One of the most acclaimed filmmakers of his generation, three-time Golden Globe nominee Ridley Scott (Gladiator, American Gangster and now The Martian) has also earned three Academy Award nominations for Best Director (Thelma & Louise, Gladiator and Black Hawk Down). Scott’s most recent credits include Exodus: Gods and Kings starring Christian Bale, and Prometheus, starring Michael Fassbender, Noomi Rapace and Charlize Theron.
Scott burst into the movie scene in 1977, when he made his feature debut The Duellists, for which he won the Best First Film Award at the Cannes Film Festival. He followed with the blockbuster sci-fi thriller Alien, which catapulted Sigourney Weaver to stardom and launched a successful franchise. In 1982, Scott directed the landmark film Blade Runner, starring Harrison Ford. Considered a sci-fi classic, the futuristic thriller was added to the U.S. Library of Congress’ National Film Registry in 1993. Like other major directors, his oeuvre is marked by collaboration with one particular actor, Australian Russell Crowe, with whom he has teamed five times, most recently in the legendary tale of Robin Hood, co-starring Cate Blanchett.
Based on a best-selling novel, The Martian is an artistic highlight of the movie year: A serious yet entertaining survival saga that boasts a seminal performance from Matt Damon and features an impressive ensemble that includes Jessica Chastain, Kristen Wiig, Jeff Daniels and Chiwetel Ejiofor. The film revolves around a universal issue: While many people had at one time or another the feeling of being alone in the world, the hero, Mark Watney, experiences aloneness and loneliness on Mars. Presumed killed by a devastating windstorm that forced an emergency evacuation, Watney awakens injured. To stay alive he must react immediately, and he needs to maintain his resolve, as help might not be possible – it might also take years.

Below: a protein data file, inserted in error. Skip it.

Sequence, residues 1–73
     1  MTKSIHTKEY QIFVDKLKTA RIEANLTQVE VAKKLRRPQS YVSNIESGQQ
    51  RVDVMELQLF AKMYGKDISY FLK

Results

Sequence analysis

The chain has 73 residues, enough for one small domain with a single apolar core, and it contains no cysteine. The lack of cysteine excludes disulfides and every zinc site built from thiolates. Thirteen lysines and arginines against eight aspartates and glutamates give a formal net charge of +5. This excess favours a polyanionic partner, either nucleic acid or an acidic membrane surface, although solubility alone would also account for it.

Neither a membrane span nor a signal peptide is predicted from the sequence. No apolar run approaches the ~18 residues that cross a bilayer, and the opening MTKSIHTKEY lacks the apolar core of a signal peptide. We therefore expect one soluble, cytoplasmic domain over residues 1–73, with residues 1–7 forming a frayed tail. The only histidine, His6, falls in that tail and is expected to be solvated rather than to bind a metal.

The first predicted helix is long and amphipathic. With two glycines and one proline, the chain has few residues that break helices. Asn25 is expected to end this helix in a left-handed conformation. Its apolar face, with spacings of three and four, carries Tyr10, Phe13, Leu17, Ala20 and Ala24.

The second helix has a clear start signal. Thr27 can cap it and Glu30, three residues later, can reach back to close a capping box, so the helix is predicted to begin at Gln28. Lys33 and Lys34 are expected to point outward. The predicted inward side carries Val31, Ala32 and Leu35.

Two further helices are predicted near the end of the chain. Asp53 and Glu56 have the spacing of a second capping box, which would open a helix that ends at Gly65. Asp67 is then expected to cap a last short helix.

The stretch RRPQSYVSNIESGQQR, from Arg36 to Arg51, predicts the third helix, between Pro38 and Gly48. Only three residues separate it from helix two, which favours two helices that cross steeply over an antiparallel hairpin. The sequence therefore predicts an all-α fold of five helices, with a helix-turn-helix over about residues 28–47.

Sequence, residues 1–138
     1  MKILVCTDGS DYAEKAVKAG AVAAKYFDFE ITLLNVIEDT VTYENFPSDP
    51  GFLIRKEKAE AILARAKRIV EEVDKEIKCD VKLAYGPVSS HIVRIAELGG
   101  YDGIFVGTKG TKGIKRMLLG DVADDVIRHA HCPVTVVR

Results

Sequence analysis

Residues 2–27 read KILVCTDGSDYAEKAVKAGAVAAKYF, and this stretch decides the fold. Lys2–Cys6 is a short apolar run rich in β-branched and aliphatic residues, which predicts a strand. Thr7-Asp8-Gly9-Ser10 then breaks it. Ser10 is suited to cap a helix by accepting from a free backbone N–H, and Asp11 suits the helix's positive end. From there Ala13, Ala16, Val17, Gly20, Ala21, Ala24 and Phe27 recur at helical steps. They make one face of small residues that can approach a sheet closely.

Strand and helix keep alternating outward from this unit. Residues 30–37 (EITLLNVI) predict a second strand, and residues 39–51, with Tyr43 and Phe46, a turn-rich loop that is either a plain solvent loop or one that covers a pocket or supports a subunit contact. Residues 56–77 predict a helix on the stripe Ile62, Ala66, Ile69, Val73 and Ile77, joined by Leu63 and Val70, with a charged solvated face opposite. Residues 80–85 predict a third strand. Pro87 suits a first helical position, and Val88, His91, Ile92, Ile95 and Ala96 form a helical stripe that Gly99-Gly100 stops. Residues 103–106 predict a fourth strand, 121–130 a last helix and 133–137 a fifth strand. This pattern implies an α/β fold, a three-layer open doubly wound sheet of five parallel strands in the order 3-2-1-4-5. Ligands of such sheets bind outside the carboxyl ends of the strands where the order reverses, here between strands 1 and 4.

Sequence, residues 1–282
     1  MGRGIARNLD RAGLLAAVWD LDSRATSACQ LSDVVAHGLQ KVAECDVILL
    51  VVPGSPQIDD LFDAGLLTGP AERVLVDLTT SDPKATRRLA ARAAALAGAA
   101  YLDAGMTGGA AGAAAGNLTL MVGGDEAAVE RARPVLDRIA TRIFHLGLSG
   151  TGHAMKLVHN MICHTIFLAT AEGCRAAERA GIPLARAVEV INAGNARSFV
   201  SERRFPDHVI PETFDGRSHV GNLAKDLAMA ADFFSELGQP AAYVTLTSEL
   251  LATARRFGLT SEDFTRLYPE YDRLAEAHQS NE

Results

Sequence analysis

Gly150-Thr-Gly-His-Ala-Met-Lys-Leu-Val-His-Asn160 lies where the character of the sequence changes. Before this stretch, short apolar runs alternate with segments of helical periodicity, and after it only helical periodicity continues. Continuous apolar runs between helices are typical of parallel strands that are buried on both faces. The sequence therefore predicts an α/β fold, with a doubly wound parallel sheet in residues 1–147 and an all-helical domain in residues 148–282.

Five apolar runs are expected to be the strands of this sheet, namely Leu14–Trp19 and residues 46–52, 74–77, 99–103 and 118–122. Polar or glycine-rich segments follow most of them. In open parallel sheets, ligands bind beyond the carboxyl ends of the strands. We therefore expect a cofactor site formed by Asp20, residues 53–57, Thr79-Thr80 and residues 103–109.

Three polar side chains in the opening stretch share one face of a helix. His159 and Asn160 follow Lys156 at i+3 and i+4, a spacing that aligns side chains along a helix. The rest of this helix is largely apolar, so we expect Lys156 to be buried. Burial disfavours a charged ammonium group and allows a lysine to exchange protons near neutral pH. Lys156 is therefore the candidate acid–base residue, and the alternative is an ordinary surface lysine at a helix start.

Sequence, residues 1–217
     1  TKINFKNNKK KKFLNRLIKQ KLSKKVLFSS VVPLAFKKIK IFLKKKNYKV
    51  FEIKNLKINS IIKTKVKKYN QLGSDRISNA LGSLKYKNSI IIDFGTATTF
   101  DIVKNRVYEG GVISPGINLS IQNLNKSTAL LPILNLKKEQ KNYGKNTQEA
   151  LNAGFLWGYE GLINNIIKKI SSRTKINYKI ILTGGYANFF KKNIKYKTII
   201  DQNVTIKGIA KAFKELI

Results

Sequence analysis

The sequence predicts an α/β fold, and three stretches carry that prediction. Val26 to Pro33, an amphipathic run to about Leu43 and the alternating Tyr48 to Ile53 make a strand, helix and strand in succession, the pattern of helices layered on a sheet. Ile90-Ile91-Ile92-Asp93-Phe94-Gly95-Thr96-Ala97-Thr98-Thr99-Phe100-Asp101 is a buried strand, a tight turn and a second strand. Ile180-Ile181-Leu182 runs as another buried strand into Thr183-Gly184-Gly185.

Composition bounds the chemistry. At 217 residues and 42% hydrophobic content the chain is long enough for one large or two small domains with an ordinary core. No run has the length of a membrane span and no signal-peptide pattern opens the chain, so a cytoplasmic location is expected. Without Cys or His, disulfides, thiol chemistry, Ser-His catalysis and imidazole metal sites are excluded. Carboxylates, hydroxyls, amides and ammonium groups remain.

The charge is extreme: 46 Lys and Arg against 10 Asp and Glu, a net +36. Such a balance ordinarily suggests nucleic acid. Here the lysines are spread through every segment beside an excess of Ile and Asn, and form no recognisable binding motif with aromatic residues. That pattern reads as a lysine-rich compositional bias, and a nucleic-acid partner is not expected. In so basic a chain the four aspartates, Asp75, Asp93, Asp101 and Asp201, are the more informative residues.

Scott perceived the movie as composed of three separate but connected storylines: "Watney is a Robinson Crusoe figure, and I really liked the character and the way the story celebrates the courage and ingenuity. As our scribe, Drew Goddard, said to me, 'It’s a love letter to science.” Goddard was elated to see his script directed by Scott: “I can still remember when I first saw Roy Batty (played by Rutger Hauer) reflect on c-beams glittering off the Tannhauser Gate in Blade Runner. I was seven years old, sitting third row back, left side of the White Roxy Theater. Everything I have ever written has been influenced by Ridley; his films are embedded in my creative DNA, and so to work with him was a dream come true.”
Working with Scott was an irresistible lure for Damon, who says Scott has elicited performances from actors that are “too good to be an accident. He’s willing to break a rule if it buys a bigger emotional connection from the audience. He paints on a much bigger canvas than most directors, and it’s exciting to do things on that scale.” While sitting among the rocks and dirt on Stage 6, Damon continued to shoot at Korda long after the other members wrapped. At one point he said: “Ridley, it’s just you and me on Mars.”
Scott knew immediately that Damon was the right thespian for the complex and demanding part: "Throughout five weeks of solo acting, I asked Matt to not only carry the story but also a substantial amount of astronaut gear on his back. Matt's unfailing high spirits and good humor buoyed the entire crew during some intense and strenuous moments." A visual stylist, Scott had the movie in his head long before shooting began, so he was able to walk his leading man through specific camera shots, coverage and setups. Recalled Damon “Ridley allows his actors to see the movie as he envisions it, which is incredibly useful for performance.”
Said Scott: “I was fascinated by the near impossibility of Watney’s task and the team effort required, not only from NASA, but also international partners. Geopolitical rivals must overcome their differences and work together for the common goal of saving an astronaut’s life, and the entire world becomes transfixed by the size and complexity of that challenge.” Scott always saw Watney as a character that "represents more than just one life. He embodies humanity’s pioneering instincts and our hopes for the future." Which may explain the film's critical acclaim and box-office response – it’s Ridley Scott's biggest commercial hit.